Tuesday, September 7, 2010

Are Rock Climbers Control Freaks?

A control freak is usually seen as something bad. But a climber with excellent emotional and physical self-control is considered enviable and it’s a skill set most climbers want to have. So really what’s the difference?

By definition a control freak is someone who tries to control the people and environments around them, usually by over controlling and micromanaging in order to get some sense of control in their lives. Being a control freak usually develops from not having much control in your environment when growing up (strict or abusive parents, multiple unexpected changes, or experiencing some other kind of disempowered state). Many of us take that feeling of insecurity and transform it into something more manageable. Some people do that by becoming control freaks. I argue that some of us became rock climbers.

Regardless of where our need to control came from, as rock climbers, what’s more important is how we harness that need for control.

You’ll remember that when I wrote about Flow in July (Addicted to Finding Flow) that I said I would revisit it, and this is one of those times. On the list of requirements needed in order to obtain Flow, #5 is: “You have a sense of control over the activity.” The question becomes though, what are you exactly controlling in the first place?

The way I see it, you have two things you can control: your environment and your response to your environment.

If we try too hard to control our environment we start leaning more towards the control freak side of the spectrum. In doing so we are depending on external variables to tell us whether or not we feel in control. Controlling variables is ok up to a point. For example, we can choose what route to get on, how hard the rating is, whether we lead it or not. We can also control other common external variables like sleep, diet, and how many drinks we have with the group around the campfire the night before. When kept in check, controlling our environment looks more like smart preparation. And enough preparation can leave you with increased mental energy to cope with unexpected challenges (Jackson p. 133).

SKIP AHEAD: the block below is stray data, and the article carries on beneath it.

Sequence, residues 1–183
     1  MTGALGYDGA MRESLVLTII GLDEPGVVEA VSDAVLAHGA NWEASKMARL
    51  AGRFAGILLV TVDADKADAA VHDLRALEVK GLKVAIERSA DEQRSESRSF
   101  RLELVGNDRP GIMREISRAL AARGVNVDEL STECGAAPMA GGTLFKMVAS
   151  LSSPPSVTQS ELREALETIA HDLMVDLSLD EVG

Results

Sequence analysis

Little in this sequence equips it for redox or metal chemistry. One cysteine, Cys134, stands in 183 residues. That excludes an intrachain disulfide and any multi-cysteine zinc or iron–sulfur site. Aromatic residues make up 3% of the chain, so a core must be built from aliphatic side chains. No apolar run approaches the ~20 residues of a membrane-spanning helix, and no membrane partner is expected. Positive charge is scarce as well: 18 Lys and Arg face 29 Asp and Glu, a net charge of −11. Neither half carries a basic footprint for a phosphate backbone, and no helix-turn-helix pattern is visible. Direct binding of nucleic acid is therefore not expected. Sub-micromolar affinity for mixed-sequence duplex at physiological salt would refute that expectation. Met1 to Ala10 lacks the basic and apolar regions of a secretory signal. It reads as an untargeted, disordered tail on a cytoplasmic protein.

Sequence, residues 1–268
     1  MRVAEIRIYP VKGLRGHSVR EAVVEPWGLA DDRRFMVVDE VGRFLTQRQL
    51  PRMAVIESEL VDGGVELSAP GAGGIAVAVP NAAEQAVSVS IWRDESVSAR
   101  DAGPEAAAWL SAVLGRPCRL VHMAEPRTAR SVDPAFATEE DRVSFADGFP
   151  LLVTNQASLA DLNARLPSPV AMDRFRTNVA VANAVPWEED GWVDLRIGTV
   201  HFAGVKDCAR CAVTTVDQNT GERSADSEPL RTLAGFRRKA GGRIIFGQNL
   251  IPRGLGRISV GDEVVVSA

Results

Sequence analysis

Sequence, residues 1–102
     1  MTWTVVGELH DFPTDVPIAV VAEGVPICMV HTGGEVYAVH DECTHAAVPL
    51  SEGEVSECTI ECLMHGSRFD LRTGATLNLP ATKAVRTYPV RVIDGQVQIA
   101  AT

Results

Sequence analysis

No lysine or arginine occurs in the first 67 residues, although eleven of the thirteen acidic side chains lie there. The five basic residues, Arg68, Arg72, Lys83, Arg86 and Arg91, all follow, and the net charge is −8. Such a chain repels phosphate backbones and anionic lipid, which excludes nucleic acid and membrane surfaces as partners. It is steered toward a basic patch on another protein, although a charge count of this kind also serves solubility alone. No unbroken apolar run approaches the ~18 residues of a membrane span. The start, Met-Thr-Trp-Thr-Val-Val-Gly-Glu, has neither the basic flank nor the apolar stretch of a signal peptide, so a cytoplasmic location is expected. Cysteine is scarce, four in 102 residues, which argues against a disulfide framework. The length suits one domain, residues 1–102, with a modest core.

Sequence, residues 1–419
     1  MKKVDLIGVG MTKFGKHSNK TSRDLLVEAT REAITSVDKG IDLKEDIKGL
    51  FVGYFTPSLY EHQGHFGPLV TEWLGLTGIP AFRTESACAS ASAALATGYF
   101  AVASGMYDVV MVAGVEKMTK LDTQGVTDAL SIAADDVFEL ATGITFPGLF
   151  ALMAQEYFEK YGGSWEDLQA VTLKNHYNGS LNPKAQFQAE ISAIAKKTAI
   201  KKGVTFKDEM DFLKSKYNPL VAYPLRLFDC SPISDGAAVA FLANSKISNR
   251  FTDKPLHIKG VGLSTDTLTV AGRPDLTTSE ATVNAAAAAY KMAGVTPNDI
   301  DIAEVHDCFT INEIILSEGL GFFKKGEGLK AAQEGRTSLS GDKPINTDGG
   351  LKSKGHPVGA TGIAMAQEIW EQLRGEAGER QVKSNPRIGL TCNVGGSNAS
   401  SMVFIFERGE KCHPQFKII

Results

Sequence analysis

If a climber spends too much energy trying to control the environment, then they can also start blaming the environment for their lack of success: I couldn’t reach the hold, the music playing in the gym sucked, this route setter sucks, my belayer sucked, etc. Focusing too much on our environment actually takes away from the focus needed to get absorbed into the climb (#4 on the list of Flow requirements). The more we try to externally control, the less we actually feel in control.

If we can accept that controlling the environment has limits then we can begin focusing on what is really important: our emotional and physical responses to the challenge. With this acceptance comes responsibility. A climber needs to be responsible for their own thoughts and actions in response to a challenge instead of blaming variables in their environment. Susan Jackson in her book, “Flow in Sports: The keys to optimal experiences and performances,” notes that the key to flow is preparing the “controllables” and then letting go of consciously controlling. She adds, “…releasing the desire to be in control can paradoxically result in more control (p. 129).”